The content of this month’s newsletter is harvested from a diverse crop of inspiration; a keynote speaker, two recent college grads, and one great tag line.
I attended an industry event last month, and “Go before you’re ready” … was on a slide in the keynote presentation by USAF, Lt. Colonel Dan Rooney. Dan Rooney, call sign, “Noonan”, is a USAF fighter pilot, a golf pro, a man of devout faith, a dedicated patriot & philanthropist, and the founder of Folds of Honor. Folds of Honor is a foundation that gives scholarships to the children of fallen and disabled veterans and first responders.
While I picked up lots useful and thought-provoking content, being the parent of two recent college graduates, and a mentor to a handful of young work associates, “Go before you’re ready”, struck a chord that still resonates a month later. The soul of the Lt. Colonel’s presentation was about chasing dreams, how we can help people chase their dreams, and the importance of not waiting. He spoke about living a full life, finding purpose for yourself and for others, and chasing that purpose, those dreams, and that fulfillment. The message is one that I truly believe applies to anyone who is starting their career, thinking about changing careers, or even for someone looking to make any kind of positive change in their life.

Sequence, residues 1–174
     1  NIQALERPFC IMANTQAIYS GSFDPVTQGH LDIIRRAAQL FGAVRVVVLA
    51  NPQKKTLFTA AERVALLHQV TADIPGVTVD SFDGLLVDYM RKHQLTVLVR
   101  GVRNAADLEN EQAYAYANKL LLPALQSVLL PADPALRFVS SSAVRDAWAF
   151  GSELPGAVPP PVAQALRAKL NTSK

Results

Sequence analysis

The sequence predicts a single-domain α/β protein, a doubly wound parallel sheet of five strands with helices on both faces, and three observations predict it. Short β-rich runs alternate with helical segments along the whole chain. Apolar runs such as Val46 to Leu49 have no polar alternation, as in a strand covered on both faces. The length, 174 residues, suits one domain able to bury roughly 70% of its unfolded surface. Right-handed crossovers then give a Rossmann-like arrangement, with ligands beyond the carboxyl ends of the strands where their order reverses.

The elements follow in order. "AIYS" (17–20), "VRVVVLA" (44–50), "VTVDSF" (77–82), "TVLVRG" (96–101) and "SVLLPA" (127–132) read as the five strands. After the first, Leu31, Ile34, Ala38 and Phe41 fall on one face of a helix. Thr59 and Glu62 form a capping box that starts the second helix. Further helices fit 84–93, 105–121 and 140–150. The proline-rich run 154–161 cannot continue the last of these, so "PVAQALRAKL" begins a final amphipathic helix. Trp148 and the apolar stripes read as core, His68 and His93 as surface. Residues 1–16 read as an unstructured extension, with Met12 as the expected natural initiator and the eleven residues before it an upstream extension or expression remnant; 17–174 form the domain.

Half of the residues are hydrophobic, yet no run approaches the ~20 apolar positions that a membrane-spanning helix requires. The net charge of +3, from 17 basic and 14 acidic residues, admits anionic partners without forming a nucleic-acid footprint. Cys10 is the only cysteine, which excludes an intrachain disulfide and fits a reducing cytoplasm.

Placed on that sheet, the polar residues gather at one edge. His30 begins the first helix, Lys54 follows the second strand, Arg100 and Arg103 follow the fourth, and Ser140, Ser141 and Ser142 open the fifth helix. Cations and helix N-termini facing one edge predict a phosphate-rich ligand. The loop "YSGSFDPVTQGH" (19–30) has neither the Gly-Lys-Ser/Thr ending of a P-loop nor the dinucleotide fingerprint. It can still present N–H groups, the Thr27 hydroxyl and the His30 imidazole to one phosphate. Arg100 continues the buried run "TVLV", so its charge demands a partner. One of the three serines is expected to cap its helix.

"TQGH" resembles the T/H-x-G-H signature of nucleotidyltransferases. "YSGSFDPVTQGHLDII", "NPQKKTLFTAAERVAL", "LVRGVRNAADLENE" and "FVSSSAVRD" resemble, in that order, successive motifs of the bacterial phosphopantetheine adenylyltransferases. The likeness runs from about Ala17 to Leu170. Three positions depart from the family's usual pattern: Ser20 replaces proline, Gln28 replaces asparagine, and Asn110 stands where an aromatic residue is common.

The message I hope to convey to my children, my mentees, and all of you who took the time to read this newsletter, is that I truly believe our vocational and personal possibilities are practically endless. As fluffy and perhaps naïve as it may sound, you need to believe that in today’s world, you can be anything you want to be.
The key word in that last sentence is want. It’s not easy to be anything you want to be. It’s actually pretty difficult. Because we live in a world where anything is possible, sometimes the most difficult part is figuring out the what.
- What is your potential?
- What are you good at?
- What do you want to be good at?
- What do you love to do?
- What is your dream?
- What is stopping you?
When you figure out what your dream is, what your want is, you start to get clarity on how you’re going to chase it and achieve it. When that want becomes stronger than your discomfort, you figure out the how. It’s important to understand that there will be some discomfort along the way. In most cases, if the personal journey were easy, the destination is probably not going to be that great. It takes courage, it takes patience, it takes belief, and it takes a little bit of caution… but just a little!! Another great line from Dan Rooney’s presentation is, “Courage and comfort can almost never co-exist”.
Allow yourself the freedom to change your mind, but don’t change your mind, or give up because it’s too hard. When Gina Davis’ character (A League of Their Own) wanted to leave the team, because things were becoming “too hard”, Tom Hanks’ character says, “Yeah, it is hard. But it’s the hard that makes it good.”
Chasing dreams, fulfilling passions, reaching your best potential, would not be nearly as fulfilling if it was easy. The only awesome thing in life that’s easy is a hot fudge sundae… even then, you have to heat the fudge.
Figure out your dream. Discover what you’re passionate about and turn that dream into your reality.